Every chapter of Chairman John Dingell's life was lived in service to 
our country, from his time as a House page, as a teenager, to his 
service in the Army during World War II, to his almost six decades 
serving the people of Michigan in the U.S. Congress.
  John Dingell leaves a towering legacy of unshakeable strength, 
boundless energy, and transformative leadership. Chairman Dingell had a 
hand in crafting many major legislative accomplishments over the past 
half century,

[[Page H1478]]

yet among the vast array of historic legislative achievements, few hold 
greater meaning than his tireless commitment to the health of the 
American people.
  During every Congress since 1955, Chairman Dingell introduced 
legislation to secure affordable, quality healthcare for all Americans.
  Because of his father's legacy, which our distinguished leader has 
referenced, and his own leadership, in 1965, he gaveled Medicare into 
law. In 2010, it was my privilege to hold that same gavel as we passed 
the Affordable Care Act.
  Chairman Dingell was our distinguished dean and chairman, our 
legendary colleague, and a beloved friend. His memory will stand as an 
inspiration to all who worked with him or for him or had the pleasure 
of knowing him.
  His leadership will endure in the lives of the millions of American 
families he touched. We hope it is a comfort to Chairman Dingell's 
beloved wife, dear Deborah, Congresswoman Debbie Dingell, and their 
entire family that so many people mourn their loss and pray for them at 
this sad time.
  I am pleased to mention that the flag is flying half-staff over the 
Capitol in his memory and invite Members to sign the condolence book in 
the Speaker's lobby.
  Mr. HOYER. Mr. Chair, I thank the Speaker for her retelling, very 
briefly, the extraordinary record of our friend and colleague, John 
Dingell, who made America better, who made this House better, and who 
believed that in doing so, it was critically important to reach across 
the aisle, to have legislation that would enjoy the support of both 
sides of the aisle.
  In that regard, I am blessed now to yield to the gentleman from 
California (Mr. McCarthy), the Republican leader and my friend.
  Mr. McCARTHY. Mr. Chair, I also rise to commemorate the incredible 
life and career of John Dingell, the former dean of this House.
  Few individuals have amassed a record of public service that could 
rival John's, and I will bet no one will ever match it--59 years as an 
elected Representative.
  In fact, his interest in politics began during his time as a 
congressional page, where he personally witnessed FDR's ``a day that 
will live in infamy'' speech from this very podium.
  Take one moment to think of the life that this man has witnessed on 
this floor.
  John taught us that public service is not a sprint, but a marathon. 
There are many lessons in his life that we can learn from, but I hope 
we take that lesson every day when we come to work here.
  Another lesson I hope we learn is the one how I first met John. He 
was an icon before I got here. But I watched the respect, not from his 
own colleagues in his own party, but the respect from across the aisle.
  They went to John for advice. When he walked on the floor, there were 
many on our side who stood around him to question him where he thought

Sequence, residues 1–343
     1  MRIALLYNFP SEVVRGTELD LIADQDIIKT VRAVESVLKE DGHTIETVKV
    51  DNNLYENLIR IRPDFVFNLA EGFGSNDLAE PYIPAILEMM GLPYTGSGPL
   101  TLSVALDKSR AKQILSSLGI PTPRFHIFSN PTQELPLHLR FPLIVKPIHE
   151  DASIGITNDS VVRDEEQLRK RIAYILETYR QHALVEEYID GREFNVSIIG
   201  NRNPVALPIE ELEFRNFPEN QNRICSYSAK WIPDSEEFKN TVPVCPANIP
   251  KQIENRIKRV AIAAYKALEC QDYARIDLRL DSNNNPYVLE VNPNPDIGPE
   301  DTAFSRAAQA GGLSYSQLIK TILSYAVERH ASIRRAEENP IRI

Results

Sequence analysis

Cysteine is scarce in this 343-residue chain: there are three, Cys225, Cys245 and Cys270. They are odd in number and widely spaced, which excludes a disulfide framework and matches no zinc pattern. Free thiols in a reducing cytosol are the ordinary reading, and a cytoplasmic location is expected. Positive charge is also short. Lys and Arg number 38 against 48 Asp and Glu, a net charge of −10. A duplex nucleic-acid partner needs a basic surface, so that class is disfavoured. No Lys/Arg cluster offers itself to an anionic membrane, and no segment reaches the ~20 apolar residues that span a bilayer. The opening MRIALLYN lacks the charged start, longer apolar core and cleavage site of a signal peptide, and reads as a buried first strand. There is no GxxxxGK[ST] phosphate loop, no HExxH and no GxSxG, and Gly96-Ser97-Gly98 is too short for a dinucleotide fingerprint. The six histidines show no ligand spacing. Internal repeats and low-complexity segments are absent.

we could go.
  He believed in this House; he believed in this country.
  He had great passions: passion for his constituents; passion for his 
committee, Energy and Commerce. He loved that committee so much, he 
thought there needed to be no other committee in this House. It wasn't 
until his retirement that we got jurisdiction back in other places.

  But he understood an ever-changing world, if you can only imagine 
serving that long. He was able to adapt, which we should learn from 
him, too.
  Yes, the new world of social media many would think would pass him by 
because of his age. He was one of the first I would follow on Twitter.
  And this is a lesson that this House, in a bipartisan manner, should 
take. It is one of my favorite tweets from John. It came in July of 
2017. He wrote: ``I've been trying to repeal and replace the United 
States Senate since 1955. No luck.''
  Yes, we are sad today, but he lived a life we could admire. I may 
have differences of opinion and philosophy with him, but I admired his 
will to fight for what he believed in. I admired the way he treated 
people who had different beliefs, and I admired the way he believed all 
sides should be heard.
  I speak for everyone on this side of the aisle to convey our deepest 
sympathies, and to Debbie, and I ask that we lift him up in our prayers 
to God for his soul to rest peacefully, and to remember what he truly 
believed: public service matters; this country matters; and the ability 
to work together so all Americans will have a better tomorrow matters.
  Mr. HOYER. Mr. Chair, I thank the majority leader for his remarks.
  Mr. McCARTHY. Mr. Chair, I thank the gentleman for the promotion.
  Mr. HOYER. Mr. Chair, the spirit of John Dingell was so present in 
that remark.
  Now, John Dingell apparently was not always right. He wanted to 
repeal the Senate, but then he wanted to replace it.
  Mr. Chair, John Dingell, I will tell you, I was with him Wednesday 
from approximately 4 p.m. on Wednesday until 6:30 p.m., and Debbie was 
there. Your dad was there, Andy, our dear colleague. Sandy Levin was 
there and John Orlando, who served with John on the Energy and Commerce 
Committee for such a great time. He remembered all of you. He asked me